Aero-wave instrument for the measurement of the optical wave-front disturbances in the airflow around airborne systems

- THE BOEING COMPANY

An aero-optical disturbance measurement system includes a mirror supported by a gimbal for receiving a light beam from a light emitting source, reflecting the light beam to a first periscope fold mirror and therefrom reflecting the light beam directly to a second periscope fold mirror. A first concave off-axis paraboloid mirror receives the light beam reflected from second periscope fold mirror and therefrom a first fold mirror receives the light beam reflected directly from first concave off-axis paraboloid mirror. A second fold mirror receives the light beam reflected directly from the first fold mirror. A second concave off-axis paraboloid mirror receives the light beam reflected directly from second fold mirror which reflects the light beam to a fast steering mirror. A fine tracker camera coupled to an embedded processer receives portion of light beam from fast steering mirror. Embedded processor controls movement of fast steering mirror and gimbal.

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Description

FIELD

This present disclosure generally relates to optical instrumentation and more particularly to optical instrumentation for measuring of optical disturbances in an air flow field.

BACKGROUND

As aircraft fly at subsonic, transonic or supersonic speeds, aero-optical disturbances in the air flow field surrounding the aircraft are created by surfaces of the aircraft moving through the air. These aero-optical disturbances will vary for each shape of an aircraft and as the aircraft changes speed, altitude and operational maneuvers. At higher speeds, such as supersonic, aero-optical disturbances in the air flow field surrounding the aircraft will include not only wavefront disturbances but also shock boundaries. These aero-optical disturbances created in the air flow field will affect the performance and/or accuracy of optical instrumentation which are carried by the aircraft and are used to receive optical data and/or emit optical energy.

The problems created by these aero-optical disturbances include tracking accuracy of optical trackers, blurred image quality of surveillance sensors, imprecise pointing of laser systems and reduced beam quality of laser energy propagated through the aero flow field containing the aero-optical disturbances. Gathering accurate spatial and temporal data of these aero-optical disturbances from the flow field of the aircraft will enable the design of high performance and accurate optical equipment such as optical trackers, optical imaging, laser radar, precise aiming equipment for lasers and laser weapon systems. With accurate measured data of these disturbances from the air flow field design criteria can be implemented into these devices to compensate for the optical deviations created by these aero-optical disturbances.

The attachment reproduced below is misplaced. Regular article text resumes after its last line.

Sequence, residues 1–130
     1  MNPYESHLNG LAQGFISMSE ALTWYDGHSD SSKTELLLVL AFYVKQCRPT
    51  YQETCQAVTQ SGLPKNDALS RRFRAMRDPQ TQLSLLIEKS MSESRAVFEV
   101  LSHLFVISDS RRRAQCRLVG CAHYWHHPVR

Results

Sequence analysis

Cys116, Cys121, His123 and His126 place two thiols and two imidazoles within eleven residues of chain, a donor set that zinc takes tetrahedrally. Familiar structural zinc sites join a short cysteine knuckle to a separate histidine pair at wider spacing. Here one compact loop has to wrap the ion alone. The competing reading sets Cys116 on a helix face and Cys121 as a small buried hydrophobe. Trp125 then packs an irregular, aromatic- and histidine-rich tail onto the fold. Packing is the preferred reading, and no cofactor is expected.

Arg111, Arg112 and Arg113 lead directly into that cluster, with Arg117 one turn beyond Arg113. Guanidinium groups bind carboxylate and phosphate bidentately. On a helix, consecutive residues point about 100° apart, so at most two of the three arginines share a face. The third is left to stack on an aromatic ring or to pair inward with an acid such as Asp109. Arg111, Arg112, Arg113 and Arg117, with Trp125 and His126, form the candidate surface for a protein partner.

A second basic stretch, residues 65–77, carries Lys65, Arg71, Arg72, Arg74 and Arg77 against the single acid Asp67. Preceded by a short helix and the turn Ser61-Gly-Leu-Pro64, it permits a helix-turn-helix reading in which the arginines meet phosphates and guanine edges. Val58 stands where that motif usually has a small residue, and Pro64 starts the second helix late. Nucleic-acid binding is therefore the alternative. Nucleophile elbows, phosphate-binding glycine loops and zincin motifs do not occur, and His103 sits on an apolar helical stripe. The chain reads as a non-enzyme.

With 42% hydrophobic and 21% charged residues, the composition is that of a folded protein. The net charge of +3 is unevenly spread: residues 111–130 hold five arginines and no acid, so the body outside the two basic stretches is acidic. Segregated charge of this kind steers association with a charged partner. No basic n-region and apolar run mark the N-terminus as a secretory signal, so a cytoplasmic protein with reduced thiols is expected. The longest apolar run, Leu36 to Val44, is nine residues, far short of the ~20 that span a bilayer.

There is a need to be able to measure and collect aero-optical disturbance data for each different shape of air craft. Moreover, since the aero-optical disturbances change for various speeds, altitudes and maneuver configurations of the aircraft, the data will need to be compiled for changes in these parameters as well. Thus, to obtain reliable modeling data for a particular aircraft, measurements of the aero-optical disturbances would best be acquired through appropriate equipment for measuring and collecting such aero-optical data to be secured to the aircraft with the aircraft flown through these variations of parameters of speed, altitude and while conducting various maneuvers.

The aero-optical disturbances to be measured and collected for various aircraft, could include subsonic, transonic and supersonic speeds up to at least Mach 2. The measurements of the aero-optical disturbances are needed for the aircraft operating in an altitude envelope ranging from sea level to seventy-five thousand feet. Additionally, the measurements of the aero-optical disturbances will be needed from the aircraft conducting various maneuvers which impart as much as 3 g of force on the aircraft. All of this data will need to be accurately measured in order to provide reliable modeling for each aircraft that will eventually carry optical equipment, as discussed above.